Four Challenges Often Overlooked by Expatriates Beginning Work in Africa

There are great rewards for working in Africa. I would not trade my twenty-five years of residence on the continent for anything. The results in changed lives, both mine and the African people around me, were more than worth any sacrifice I might have made. Any non-profit organization working in Africa has a tremendous opportunity to contribute to the development of the people of Africa. Likewise, entrepreneurs wishing to start a business on the continent stand a good chance of making a profit while providing employment and goods and services that will improve many lives. Yet, anyone wishing to work in Africa must squarely face four, often overlooked challenges:

  • Corruption
  • Tribalism
  • Aid dependence
  • Lack of infrastructure

Despite being resource rich, Africa is the poorest continent on the planet. War, thuggery and thievery present genuine security issues. Government bureaucracy can be a constant burr in the foot.  Most expatriates recognize these problems and with some guidance can find solutions to overcome them. Yet, the four often overlooked challenges listed above often sneak up on outsiders.

Corruption in the form of bribery, embezzlement and extortion are faced by expatriates, as well as nationals, from the local village to the offices of the highest officials in many African countries. Should you succumb to the demands of bribery? What effect will giving a bribe have on your project or business? Why would an employee, whom you pay well, take money out of the cash register and feel no remorse when confronted?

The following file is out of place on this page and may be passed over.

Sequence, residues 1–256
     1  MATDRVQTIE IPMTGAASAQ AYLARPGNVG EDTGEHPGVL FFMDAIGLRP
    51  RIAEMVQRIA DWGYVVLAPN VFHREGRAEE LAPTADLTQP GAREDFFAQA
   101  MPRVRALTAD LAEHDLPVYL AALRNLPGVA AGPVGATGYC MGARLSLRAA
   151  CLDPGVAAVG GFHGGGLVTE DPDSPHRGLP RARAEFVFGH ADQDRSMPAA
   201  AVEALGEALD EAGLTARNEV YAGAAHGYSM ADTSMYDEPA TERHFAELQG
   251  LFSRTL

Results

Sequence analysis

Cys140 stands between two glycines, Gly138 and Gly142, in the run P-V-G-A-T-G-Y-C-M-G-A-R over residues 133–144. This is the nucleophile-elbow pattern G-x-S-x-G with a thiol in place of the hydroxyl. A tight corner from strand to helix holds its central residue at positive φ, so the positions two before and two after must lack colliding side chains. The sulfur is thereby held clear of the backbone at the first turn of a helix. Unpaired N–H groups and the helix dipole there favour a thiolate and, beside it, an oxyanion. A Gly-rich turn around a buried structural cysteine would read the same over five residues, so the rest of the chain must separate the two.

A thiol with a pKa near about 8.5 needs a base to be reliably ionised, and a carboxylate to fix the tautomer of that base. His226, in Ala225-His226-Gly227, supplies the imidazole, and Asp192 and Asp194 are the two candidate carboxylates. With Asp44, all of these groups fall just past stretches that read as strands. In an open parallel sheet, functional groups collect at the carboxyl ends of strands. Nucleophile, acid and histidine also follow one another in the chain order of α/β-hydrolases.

Most foreigners have little understanding of the role ethnic identity and loyalty play in everyday life in Africa. Deep-seated mistrust and lack of respect cause members of different tribes to fight or harm each other. Why would a national co-worker continuously recommend only family members or people from the village back home for employment? Why do workers hide or even lie about their ethnic identity? How is an ethnic mix among employees going to affect your business or project?

Due to rampant poverty in Africa, foreign governments and aid agencies have poured billions of dollars into Africa without training people to manage the funds or generate their own income. Many have been conditioned to depend on and demand aid. Why do workers continually ask for advances? Why does it seem that someone is always sick, needing school fees, or is out of food?
Power outages, patchy phone services, potholed roads and antiquated banking systems are all signs of an undeveloped infrastructure.  These problems can be overcome by appropriate planning.

There are many advantages and rewards for expatriates to work in Africa, but they must face the above realities head-on. They need not discourage nor prevent non-profits and entrepreneurs from experiencing success. Knowledge of African cultures and some serious planning can go a long way in overcoming or managing them.

In the next four posts, I will discuss the realities and misunderstanding of each of these challenges and offer some actionable solutions.

 

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